A Different Dawn: Waking up to War in Kyiv

Ukraine native and Knight-Hennessy scholar looks for light in the darkness of war.

March 07, 2024

| by Salome Mikadze

The Monument to the Founders of Kyiv, in Navodnytskyi Park, Kyiv, Ukraine | Shutterstock.com

February 24, 2022, 4:27 am. As Kyiv lay quiet in the early hours, the sudden piercing blast of a Kh-47M2 Kinzhal rocket changed everything. That morning, instead of preparing for team meetings, I was awakened to a dangerous new reality.

What we thought was just another day at work became the start of a nightmare we’re still living in two years later.

Before the full-scale invasion, we were all about innovation at Movadex, a digital agency I started when I was 19, while still an undergraduate student. We weren’t just any IT company; we were at the forefront of innovation, creating software that was redefining tech standards globally. Movadex was and remains a hub of digital creativity and insight, developing unique software solutions for over 200 companies worldwide. Yet, that first missile strike shattered more than just the city’s calm; it crushed our world along with those buildings.

My family and our cats found ourselves crammed into bomb shelters — the hard, cold ground beneath us serving as a makeshift bed. We were often left scrambling for the basics — food, warmth, and water seemed like luxuries. But giving up was never an option. Despite the bleakness, our determination to push through, to help each other out, never wavered. The struggle to connect with loved ones through a simple phone call became a daily battle against the silence left by a communication blackout.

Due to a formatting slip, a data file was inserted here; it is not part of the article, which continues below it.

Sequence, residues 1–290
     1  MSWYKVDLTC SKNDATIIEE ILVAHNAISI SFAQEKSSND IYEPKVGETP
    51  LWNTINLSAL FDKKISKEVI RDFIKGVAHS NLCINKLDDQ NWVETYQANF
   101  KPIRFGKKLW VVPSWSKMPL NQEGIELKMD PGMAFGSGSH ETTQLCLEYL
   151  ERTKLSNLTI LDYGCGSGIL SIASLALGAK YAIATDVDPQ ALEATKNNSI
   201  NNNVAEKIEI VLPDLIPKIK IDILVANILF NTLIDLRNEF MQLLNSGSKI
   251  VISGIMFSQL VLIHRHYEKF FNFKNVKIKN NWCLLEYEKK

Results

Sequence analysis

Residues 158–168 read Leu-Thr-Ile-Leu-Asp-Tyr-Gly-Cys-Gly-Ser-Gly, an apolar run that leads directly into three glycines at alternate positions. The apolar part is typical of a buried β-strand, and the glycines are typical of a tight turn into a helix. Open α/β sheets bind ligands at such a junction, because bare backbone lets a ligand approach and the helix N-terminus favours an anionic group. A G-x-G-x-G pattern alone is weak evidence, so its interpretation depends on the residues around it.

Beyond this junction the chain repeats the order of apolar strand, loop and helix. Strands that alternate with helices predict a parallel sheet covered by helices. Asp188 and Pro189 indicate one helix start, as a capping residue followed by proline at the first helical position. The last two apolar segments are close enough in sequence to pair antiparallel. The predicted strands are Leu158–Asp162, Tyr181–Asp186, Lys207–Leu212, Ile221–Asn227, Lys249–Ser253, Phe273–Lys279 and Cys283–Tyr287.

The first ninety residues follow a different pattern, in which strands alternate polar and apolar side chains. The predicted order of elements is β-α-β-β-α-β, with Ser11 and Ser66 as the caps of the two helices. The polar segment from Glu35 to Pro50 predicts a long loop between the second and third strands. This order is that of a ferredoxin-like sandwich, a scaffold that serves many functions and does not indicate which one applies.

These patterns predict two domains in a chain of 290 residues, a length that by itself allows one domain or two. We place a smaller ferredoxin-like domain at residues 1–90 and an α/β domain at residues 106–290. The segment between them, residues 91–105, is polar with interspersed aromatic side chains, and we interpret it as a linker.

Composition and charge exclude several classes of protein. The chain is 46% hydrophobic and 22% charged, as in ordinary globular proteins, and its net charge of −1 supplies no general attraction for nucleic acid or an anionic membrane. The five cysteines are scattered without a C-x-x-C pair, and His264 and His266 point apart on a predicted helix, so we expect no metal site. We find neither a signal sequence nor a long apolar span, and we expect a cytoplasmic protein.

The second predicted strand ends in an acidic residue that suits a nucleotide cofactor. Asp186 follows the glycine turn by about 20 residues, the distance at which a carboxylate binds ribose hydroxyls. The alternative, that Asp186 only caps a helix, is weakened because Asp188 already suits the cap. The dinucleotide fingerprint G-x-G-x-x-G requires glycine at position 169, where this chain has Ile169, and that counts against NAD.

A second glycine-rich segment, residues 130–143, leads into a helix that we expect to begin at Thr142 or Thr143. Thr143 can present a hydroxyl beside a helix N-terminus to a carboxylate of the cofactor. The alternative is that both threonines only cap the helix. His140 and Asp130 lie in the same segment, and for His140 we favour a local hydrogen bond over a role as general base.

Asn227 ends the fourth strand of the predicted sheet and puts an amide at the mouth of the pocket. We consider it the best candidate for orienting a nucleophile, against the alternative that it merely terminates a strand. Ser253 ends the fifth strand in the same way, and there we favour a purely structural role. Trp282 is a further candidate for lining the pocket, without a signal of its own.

During those days, every part of who I was seemed to unravel. I grappled with understanding my identity and my purpose, as survival instincts took over. Initially, our priority was finding water. Then, as days turned into weeks, we learned to defend ourselves. Months in, our focus shifted to staying connected — finding ways to keep working and support our country despite the chaos. As Russian tanks advanced toward cities, waves of fear and hope sent millions searching for safety, marking a mass departure driven by the instinct to survive yet hold onto hope.

Those early months sculpted a portrait of human endurance. Amidst the blaring of air sirens and the chilling echoes of distant explosions, we found the best of humanity. It emerged in the darkest of places — our shelters became bastions of strength, our bombed streets classrooms of resilience. Our hearts were heavy with loss, the sorrow of a nation mourning its brave soldiers defending their homeland against overwhelming odds. Yet, in this crucible, Ukraine’s spirit never wavered.


The author, Salome Mikadze (far left), and fellow Movadex team members | Courtesy Salome Mikadze

We united as a nation, donating our money and constructing supply chains with an efficiency that peacetime bureaucracy could never achieve. We affirmed that even in the shadow of death, life persists — defiant, unyielding. At Movadex, we evolved into a crucial support pillar for Ukraine’s defense, collaborating with over 400 IT companies through the Lviv IT Cluster to reinforce cybersecurity, preventing dozens of attacks. We established the Movadex Relief Center, offering aid to hundreds of refugees and actively donating to more than 20 organizations, directly supporting our soldiers and volunteers with essential resources and protective gear, embodying our commitment to stand united in adversity. No two days were the same — each one brought a new challenge — securing Starlink for communication, organizing protective gear supply chains, arranging food deliveries through family networks, and even dispatching birthing equipment to high-risk areas. Our varied efforts underlined a commitment to adaptively meet the urgent needs of our community and soldiers.